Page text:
The iPhone ships with stereo headphones that offer pretty good sound quality, exponentially better than the headphones supplied with the original iPod. These headphones include a microphone that also has a push button: press once to stop or play the music, or click twice to advance to the next track. While I’m sure headphone makers will come up with a good number of alternatives, the good news is that the headphones supplied as standard with the iPhone are very good.
On the back of the iPhone is the small lens of the compact two-megapixel camera. It has no zoom and does not perform well in low light conditions either, but with still subjects in well-lit areas it produces good results. It is more suitable for fun photography when no other cameras are on hand than as a replacement for your digital camera, even if your camera is already five years old. (The camera can’t record video either, at least not with the current version of iPhone software.)
The inside of the iPhone isn’t as pretty as the outside, but it’s packed with features. Each iPhone includes a total of 4 or 8 GB of flash storage. It also incorporates three types of wireless technology: a standard GSM connection with support for AT & T’s EDGE network, support for 802.11b / g wireless networks, and Bluetooth.
The various faces of the Apple iPhone.
Crisp, bright display
The iPhone screen is excellent. Yes, it’s big and bright, but it’s also impressive at its high resolution of 160 dpi, more than twice what a typical Mac screen has. Putting all those dots together in such a small space means that everything on the screen appears crisp. , no pixelated. Digital photos and video are of exceptional quality, and even the colorful icons on the iPhone home screen are so sharp and bright that it is sometimes hard to believe that what you are looking at is a computer screen and not something physical. On the screen, the texts have an absolute sharpness, more similar to that of the printed text in a book or magazine than that of those drawn by means of pixels on a screen.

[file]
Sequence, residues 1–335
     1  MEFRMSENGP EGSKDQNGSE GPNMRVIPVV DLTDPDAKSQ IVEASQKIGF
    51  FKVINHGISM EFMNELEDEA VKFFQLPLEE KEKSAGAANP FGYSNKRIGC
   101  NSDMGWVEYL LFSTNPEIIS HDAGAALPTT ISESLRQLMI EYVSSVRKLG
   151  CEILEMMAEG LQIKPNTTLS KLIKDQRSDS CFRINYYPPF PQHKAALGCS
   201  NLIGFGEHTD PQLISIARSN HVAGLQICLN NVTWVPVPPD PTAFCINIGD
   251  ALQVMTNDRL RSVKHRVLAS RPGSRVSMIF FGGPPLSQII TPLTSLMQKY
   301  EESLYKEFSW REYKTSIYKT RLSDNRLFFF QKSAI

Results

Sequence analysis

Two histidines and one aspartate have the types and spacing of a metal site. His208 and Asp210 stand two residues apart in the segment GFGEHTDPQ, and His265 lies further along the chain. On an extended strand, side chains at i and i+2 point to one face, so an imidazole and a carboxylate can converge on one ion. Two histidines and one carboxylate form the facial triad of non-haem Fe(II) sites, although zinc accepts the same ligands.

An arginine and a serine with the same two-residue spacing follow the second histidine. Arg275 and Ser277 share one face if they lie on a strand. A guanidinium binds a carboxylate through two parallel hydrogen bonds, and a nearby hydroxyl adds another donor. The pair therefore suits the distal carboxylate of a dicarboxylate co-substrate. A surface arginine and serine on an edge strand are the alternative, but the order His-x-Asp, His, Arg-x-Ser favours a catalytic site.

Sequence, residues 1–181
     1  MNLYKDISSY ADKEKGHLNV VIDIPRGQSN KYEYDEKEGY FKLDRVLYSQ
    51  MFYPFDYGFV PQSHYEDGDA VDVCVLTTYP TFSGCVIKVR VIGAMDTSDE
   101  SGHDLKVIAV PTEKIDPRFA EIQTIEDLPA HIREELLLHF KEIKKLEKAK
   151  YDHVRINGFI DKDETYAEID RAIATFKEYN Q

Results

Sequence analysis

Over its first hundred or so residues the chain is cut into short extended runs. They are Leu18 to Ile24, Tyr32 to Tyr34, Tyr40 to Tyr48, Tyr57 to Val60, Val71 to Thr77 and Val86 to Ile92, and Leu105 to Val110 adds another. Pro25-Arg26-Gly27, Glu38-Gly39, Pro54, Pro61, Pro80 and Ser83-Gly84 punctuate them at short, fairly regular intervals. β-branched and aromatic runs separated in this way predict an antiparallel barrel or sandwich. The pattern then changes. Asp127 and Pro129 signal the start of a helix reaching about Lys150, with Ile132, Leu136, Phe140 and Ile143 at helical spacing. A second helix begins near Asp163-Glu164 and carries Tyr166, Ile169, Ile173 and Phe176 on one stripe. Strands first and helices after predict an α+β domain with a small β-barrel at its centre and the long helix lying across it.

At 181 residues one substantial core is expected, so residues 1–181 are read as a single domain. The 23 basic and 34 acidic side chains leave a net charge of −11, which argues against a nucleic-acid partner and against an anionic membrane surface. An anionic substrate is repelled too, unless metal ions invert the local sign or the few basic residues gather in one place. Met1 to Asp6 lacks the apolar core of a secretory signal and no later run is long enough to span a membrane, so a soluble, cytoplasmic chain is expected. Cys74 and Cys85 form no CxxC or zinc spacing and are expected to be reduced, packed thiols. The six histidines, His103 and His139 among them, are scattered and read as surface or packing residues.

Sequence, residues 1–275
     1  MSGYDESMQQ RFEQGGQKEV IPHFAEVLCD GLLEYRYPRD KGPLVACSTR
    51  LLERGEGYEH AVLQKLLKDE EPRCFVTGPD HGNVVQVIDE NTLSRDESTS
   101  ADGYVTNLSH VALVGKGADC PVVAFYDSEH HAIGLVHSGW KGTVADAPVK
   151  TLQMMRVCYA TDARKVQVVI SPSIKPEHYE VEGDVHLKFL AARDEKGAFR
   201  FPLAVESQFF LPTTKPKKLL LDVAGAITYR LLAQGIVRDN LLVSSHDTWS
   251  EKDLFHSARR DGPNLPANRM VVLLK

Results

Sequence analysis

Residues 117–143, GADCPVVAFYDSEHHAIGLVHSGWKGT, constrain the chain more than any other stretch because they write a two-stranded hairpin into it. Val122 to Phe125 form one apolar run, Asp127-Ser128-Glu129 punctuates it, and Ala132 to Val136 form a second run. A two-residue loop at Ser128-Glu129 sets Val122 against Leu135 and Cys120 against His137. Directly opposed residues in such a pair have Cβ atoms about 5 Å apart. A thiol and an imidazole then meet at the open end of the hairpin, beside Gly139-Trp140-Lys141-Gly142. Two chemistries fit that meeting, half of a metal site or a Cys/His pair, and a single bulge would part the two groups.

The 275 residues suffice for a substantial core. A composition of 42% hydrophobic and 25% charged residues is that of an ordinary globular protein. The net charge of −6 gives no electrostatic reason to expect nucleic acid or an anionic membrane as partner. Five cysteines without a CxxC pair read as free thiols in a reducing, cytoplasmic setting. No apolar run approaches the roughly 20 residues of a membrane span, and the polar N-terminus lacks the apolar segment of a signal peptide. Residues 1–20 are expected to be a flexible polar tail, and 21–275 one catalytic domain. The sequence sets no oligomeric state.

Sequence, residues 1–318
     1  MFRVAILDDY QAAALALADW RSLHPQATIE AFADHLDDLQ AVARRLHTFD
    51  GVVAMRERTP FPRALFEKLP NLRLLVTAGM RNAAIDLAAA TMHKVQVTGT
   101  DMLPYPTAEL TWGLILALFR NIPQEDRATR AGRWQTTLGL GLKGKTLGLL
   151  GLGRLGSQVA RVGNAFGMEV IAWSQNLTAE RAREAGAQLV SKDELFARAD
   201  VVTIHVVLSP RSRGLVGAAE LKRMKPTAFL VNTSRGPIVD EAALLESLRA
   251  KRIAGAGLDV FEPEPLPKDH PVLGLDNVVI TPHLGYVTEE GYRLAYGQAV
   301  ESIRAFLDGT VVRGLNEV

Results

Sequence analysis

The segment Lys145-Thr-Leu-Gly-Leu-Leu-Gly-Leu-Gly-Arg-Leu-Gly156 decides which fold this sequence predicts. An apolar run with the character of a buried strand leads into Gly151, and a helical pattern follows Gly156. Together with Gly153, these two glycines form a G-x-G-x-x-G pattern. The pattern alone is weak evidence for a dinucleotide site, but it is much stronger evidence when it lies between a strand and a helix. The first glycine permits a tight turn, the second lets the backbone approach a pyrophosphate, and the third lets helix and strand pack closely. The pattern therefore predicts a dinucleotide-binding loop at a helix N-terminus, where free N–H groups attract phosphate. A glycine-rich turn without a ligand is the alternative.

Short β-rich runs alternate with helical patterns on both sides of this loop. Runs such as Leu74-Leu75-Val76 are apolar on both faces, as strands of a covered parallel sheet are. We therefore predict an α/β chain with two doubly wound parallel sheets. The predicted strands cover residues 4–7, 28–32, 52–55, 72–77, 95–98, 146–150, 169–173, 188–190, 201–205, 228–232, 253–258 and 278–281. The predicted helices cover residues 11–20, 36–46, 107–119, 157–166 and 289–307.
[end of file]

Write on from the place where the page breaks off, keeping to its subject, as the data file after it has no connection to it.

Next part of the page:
Of course, the iPhone screen is not just for you to stare at it: it is the fundamental part of the device’s interface. Using the iPhone is a tactile experience, everything has to be done by touching the screen with your fingers. Instead of dragging a scroll bar or clicking with a mouse, you scroll through iPhone screens using a combination of taps, transitions, and other gestures.
The original Macintosh changed the world by providing a physical control system to control and move a cursor over a computer interface. But the iPhone does it better; Instead of having to move a mouse to move a disembodied arrow or hand on the computer screen, it is your finger that is responsible for all the movement. When you touch a photo, web page, or email message on your iPhone and slide it with your finger, the item moves in response to the action as if you were scrolling a real, physical object. There is no cursor on the iPhone because the finger is the only pointer, because, apart from what your mother may have told you, it is ultimately what fingers were designed for.
Buds on virtual keys
If pointing is a natural act, typing on a keyboard (especially a small one) is the antithesis, but it is a necessity imposed by the act.